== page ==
Charles Colcock Jones wrote The Religious Instruction of the Negroes in the United States as an extended sermon encouraging white clergymen and those who owned slaves to pay attention to religious instruction for their slaves and free black people in their areas.
The first part focuses on Jones’ perception of the development of the population of slaves and free men across each state. The second portion shows a fascinatingly paternalistic critique of both slaves and slave owners by first criticising the black population for their lack of Christian virtue but rounding on the owners of slaves for failing to provide adequate religious opportunities. Whilst he certainly feels that the black population are ultimately morally dependent on the goodness of white, Christian men, he clearly wrestles with the knowledge that something in the social system is responsible for the discord and difficulty he associates with vice.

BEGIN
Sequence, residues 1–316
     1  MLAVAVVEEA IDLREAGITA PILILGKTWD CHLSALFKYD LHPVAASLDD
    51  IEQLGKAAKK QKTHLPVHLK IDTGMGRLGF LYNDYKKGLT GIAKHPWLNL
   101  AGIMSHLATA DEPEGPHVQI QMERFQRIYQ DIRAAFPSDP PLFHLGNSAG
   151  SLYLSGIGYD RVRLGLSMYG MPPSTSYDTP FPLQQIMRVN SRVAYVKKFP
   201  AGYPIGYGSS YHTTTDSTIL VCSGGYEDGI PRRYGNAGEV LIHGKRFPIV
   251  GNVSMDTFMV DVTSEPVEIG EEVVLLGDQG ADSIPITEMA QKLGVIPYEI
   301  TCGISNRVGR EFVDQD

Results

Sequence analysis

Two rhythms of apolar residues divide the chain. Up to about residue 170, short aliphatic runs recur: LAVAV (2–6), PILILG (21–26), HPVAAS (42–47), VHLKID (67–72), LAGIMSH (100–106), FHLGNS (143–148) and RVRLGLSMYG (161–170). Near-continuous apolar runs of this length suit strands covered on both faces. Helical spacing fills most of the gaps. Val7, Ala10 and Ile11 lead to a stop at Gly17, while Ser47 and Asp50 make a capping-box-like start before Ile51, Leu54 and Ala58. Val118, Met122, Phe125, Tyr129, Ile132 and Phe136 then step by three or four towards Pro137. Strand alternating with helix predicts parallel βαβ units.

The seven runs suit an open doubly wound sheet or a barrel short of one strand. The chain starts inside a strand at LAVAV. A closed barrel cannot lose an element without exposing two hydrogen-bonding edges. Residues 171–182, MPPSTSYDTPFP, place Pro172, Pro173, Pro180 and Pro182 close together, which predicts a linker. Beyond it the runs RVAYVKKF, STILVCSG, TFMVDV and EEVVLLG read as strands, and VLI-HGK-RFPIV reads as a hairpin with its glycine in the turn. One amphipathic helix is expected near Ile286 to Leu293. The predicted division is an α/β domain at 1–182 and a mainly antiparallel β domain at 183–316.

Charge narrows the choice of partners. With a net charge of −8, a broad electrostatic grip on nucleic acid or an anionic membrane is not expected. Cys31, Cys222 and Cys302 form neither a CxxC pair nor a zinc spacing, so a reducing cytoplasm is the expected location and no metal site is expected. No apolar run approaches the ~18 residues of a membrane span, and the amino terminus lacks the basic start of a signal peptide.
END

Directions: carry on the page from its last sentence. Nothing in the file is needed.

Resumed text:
Charles C Jones is, whilst clearly and unacceptably biased to modern readers, a valuable insight into the cognitive dissonance maintained by prominent members of the slave owning establishment in the United States during his time. He argues systematically for a system of education for slaves whilst consistently underestimating the use that education has historically been put to by oppressed peoples. The awareness of his context’s immorality lurks on the edges of his consciousness, never quite surfacing. All readers will come away from the book with a new determination to interrogate cultural norms, established traditions and conventional wisdom.